The UK government believes heavier health and safety penalties can reduce fatalities and injuries. A new penalty system for health and safety violations has been implemented in the UK since February of this year. This new UK law hinges the safety and health fine on the turnover of the company. For companies with turnover of £50 million or more, the fine could be up to £10 million. As an example, Balfour Beatty, an international infrastructure company based in the UK, was fined £3.5 million this year.

Not only are the fines heavier, but directors of negligent companies can be given custodial sentences or imprisonment, with sentences staring at 26 weeks. According to Halen Devery, a partner and head of health and safety at insurance and risk law specialist BLM, about 38 per cent of the health and safety fines issued in 2016 were from the construction industry. Construction companies in the UK paid nearly £8 million since the implementation of the new sentencing guidelines. The UK construction industry sees the new law as a game changer, setting a new standard of construction safety and health.

The change in the UK prompts us to think about whether Australia has done enough in enforcing workplace health and safety. Every year in Australia, more than 190 people die and over 60,000 people are hurt at work, with construction being the nation’s third top killer. Australia’s construction fatal injury rate is 1.5 times higher than the UK’s, and Australia’s workplace death rate is 3.5 times higher. Australia is no safer than the UK when it comes to workplace deaths, but our laws to protect workers are now much weaker than the UK, especially after the UK recently brought in much tougher fines.

While only time will tell whether heavier fines and imprisonment for health and safety violations can reduce the number of workplace injuries and fatalities, the idea of linking the penalty to turnover of the company is worth considering by the Australian government. Most of the time, safety and health penalties are so negligible as to mean nothing to large companies.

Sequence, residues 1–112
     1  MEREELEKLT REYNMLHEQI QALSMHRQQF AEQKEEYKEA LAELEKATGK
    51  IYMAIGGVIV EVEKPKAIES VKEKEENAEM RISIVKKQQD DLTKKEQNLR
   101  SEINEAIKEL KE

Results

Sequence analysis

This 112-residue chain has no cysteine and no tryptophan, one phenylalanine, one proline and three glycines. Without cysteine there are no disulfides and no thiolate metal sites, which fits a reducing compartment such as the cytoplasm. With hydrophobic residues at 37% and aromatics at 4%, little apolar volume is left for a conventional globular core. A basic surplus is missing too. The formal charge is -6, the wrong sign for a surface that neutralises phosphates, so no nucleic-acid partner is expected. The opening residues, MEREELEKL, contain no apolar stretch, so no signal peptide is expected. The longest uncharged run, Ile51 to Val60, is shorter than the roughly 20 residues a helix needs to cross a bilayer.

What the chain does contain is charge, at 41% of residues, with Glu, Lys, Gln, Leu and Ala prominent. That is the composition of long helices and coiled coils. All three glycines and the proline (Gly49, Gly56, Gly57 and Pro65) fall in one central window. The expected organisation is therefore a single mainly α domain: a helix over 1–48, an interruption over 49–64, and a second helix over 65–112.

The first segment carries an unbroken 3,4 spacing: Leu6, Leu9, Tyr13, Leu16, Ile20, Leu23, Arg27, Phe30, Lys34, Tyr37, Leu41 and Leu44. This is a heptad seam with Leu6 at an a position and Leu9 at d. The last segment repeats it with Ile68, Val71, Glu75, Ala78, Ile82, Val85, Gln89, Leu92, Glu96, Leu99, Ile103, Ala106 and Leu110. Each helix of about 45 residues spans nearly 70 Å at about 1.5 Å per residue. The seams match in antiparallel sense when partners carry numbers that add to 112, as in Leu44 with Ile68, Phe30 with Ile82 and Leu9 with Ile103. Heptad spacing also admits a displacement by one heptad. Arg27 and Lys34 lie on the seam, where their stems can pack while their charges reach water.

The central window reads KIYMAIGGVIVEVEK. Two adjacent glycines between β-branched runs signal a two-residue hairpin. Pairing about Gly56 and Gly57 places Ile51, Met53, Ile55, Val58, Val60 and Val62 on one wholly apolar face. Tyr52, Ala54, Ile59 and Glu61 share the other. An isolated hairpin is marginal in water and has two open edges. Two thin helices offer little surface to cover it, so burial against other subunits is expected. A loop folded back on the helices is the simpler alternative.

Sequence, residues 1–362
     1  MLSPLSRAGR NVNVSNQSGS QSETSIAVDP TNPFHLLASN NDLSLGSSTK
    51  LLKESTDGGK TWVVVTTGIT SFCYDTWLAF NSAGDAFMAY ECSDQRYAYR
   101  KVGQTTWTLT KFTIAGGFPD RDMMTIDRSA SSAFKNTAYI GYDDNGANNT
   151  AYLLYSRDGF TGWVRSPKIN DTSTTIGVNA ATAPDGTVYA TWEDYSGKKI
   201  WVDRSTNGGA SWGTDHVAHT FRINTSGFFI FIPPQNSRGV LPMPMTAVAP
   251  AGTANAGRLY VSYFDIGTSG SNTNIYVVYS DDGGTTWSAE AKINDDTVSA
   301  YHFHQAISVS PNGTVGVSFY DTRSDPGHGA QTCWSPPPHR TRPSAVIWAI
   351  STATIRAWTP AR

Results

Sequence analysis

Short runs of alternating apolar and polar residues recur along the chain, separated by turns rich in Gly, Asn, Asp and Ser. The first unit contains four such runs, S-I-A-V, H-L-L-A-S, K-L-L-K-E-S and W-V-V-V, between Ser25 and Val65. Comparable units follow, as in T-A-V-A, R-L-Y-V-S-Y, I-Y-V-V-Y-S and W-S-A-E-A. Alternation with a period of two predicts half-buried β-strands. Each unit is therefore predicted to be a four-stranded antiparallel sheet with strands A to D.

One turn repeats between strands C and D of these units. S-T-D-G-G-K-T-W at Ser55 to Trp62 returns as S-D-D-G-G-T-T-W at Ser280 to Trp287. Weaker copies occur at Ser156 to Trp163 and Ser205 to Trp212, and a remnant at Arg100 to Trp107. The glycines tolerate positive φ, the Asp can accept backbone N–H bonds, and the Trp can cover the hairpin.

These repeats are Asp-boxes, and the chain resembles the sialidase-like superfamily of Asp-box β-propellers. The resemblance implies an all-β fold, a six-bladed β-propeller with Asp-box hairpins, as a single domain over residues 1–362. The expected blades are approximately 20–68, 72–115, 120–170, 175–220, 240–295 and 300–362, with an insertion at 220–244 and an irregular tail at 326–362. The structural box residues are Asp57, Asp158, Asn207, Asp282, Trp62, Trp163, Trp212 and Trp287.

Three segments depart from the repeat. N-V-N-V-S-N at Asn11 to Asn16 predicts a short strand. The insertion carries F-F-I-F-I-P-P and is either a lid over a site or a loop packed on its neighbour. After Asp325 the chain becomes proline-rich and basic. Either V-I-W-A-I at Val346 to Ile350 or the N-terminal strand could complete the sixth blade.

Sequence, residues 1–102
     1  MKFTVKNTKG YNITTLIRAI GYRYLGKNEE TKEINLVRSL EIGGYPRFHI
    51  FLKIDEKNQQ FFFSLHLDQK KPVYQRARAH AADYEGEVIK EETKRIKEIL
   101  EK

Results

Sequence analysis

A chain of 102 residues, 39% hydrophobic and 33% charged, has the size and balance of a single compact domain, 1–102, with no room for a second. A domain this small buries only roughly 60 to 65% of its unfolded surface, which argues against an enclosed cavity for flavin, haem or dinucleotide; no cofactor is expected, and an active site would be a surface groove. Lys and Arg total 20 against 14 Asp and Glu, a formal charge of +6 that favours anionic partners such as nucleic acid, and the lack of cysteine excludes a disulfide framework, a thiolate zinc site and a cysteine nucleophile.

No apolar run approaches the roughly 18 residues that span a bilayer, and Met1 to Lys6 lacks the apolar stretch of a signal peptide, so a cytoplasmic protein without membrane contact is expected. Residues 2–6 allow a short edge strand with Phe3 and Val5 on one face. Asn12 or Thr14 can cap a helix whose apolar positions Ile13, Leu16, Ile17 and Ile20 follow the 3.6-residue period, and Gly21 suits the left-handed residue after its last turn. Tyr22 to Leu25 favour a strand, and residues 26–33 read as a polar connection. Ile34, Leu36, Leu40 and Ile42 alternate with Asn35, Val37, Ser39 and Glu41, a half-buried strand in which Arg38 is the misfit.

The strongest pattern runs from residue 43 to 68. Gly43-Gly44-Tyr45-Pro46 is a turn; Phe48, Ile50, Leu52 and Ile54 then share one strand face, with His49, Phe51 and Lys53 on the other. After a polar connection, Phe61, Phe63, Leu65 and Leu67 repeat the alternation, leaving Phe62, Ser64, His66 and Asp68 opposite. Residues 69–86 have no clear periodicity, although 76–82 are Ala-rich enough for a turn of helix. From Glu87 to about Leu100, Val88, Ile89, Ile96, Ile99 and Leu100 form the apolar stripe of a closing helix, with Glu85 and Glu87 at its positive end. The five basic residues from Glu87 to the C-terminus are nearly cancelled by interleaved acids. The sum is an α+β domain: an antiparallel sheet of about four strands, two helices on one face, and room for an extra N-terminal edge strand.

However, it is another story when the penalty for injuries is linked to the turnover of the company. The amount then becomes so significant that it can possibly turn the company’s net profit into to a net loss. The company has to dig deep to pay for the penalty. Shareholders can feel the effects and they will pressure senior management to pay serious attention to workplace health and safety. The potential imprisonment of negligent senior management would also bring about a top down change in the importance of safety.

The recent deaths in Eagle Farm Racecourse in Queensland, where two workers were killed when a concrete slab fell on them in a pit, urge us to think about the current law protection for the health and safety of workers and penalty imposed on employers in Queensland and Australia. It is hard to anticipate whether more stringent laws, like the one in the UK, can effectively enforce workplace safety and health in construction in Australia, but it is worthy of discussion.

Should the Australian government deem tougher health and safety penalties for workplace injuries a necessary step in bringing down the injury figures, the UK new sentencing guideline would be a good reference to start with.